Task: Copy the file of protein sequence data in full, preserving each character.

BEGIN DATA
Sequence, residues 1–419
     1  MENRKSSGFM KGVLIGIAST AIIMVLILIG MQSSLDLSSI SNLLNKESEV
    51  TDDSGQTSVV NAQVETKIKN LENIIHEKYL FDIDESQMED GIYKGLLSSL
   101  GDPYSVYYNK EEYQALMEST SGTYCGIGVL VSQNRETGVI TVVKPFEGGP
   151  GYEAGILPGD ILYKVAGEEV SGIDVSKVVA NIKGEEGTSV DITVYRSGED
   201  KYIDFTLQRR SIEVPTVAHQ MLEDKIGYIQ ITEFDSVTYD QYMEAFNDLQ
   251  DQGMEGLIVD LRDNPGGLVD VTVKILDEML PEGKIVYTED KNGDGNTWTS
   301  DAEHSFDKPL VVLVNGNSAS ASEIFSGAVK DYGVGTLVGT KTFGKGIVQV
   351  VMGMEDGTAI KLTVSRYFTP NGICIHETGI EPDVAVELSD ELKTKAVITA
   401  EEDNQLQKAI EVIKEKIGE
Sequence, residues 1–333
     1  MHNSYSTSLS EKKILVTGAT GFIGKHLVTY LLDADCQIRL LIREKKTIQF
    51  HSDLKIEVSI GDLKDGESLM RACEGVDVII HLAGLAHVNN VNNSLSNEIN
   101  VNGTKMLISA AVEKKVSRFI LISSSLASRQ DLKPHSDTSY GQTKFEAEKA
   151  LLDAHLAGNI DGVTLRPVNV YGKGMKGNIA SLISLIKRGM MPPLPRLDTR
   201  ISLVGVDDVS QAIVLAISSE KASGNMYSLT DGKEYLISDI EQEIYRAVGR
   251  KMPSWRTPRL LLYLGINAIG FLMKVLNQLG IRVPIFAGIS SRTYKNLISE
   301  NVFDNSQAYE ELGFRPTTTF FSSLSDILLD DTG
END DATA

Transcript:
Sequence, residues 1–419
     1  MENRKSSGFM KGVLIGIAST AIIMVLILIG MQSSLDLSSI SNLLNKESEV
    51  TDDSGQTSVV NAQVETKIKN LENIIHEKYL FDIDESQMED GIYKGLLSSL
   101  GDPYSVYYNK EEYQALMEST SGTYCGIGVL VSQNRETGVI TVVKPFEGGP
   151  GYEAGILPGD ILYKVAGEEV SGIDVSKVVA NIKGEEGTSV DITVYRSGED
   201  KYIDFTLQRR SIEVPTVAHQ MLEDKIGYIQ ITEFDSVTYD QYMEAFNDLQ
   251  DQGMEGLIVD LRDNPGGLVD VTVKILDEML PEGKIVYTED KNGDGNTWTS
   301  DAEHSFDKPL VVLVNGNSAS ASEIFSGAVK DYGVGTLVGT KTFGKGIVQV
   351  VMGMEDGTAI KLTVSRYFTP NGICIHETGI EPDVAVELSD ELKTKAVITA
   401  EEDNQLQKAI EVIKEKIGE
Sequence, residues 1–333
     1  MHNSYSTSLS EKKILVTGAT GFIGKHLVTY LLDADCQIRL LIREKKTIQF
    51  HSDLKIEVSI GDLKDGESLM RACEGVDVII HLAGLAHVNN VNNSLSNEIN
   101  VNGTKMLISA AVEKKVSRFI LISSSLASRQ DLKPHSDTSY GQTKFEAEKA
   151  LLDAHLAGNI DGVTLRPVNV YGKGMKGNIA SLISLIKRGM MPPLPRLDTR
   201  ISLVGVDDVS QAIVLAISSE KASGNMYSLT DGKEYLISDI EQEIYRAVGR
   251  KMPSWRTPRL LLYLGINAIG FLMKVLNQLG IRVPIFAGIS SRTYKNLISE
   301  NVFDNSQAYE ELGFRPTTTF FSSLSDILLD DTG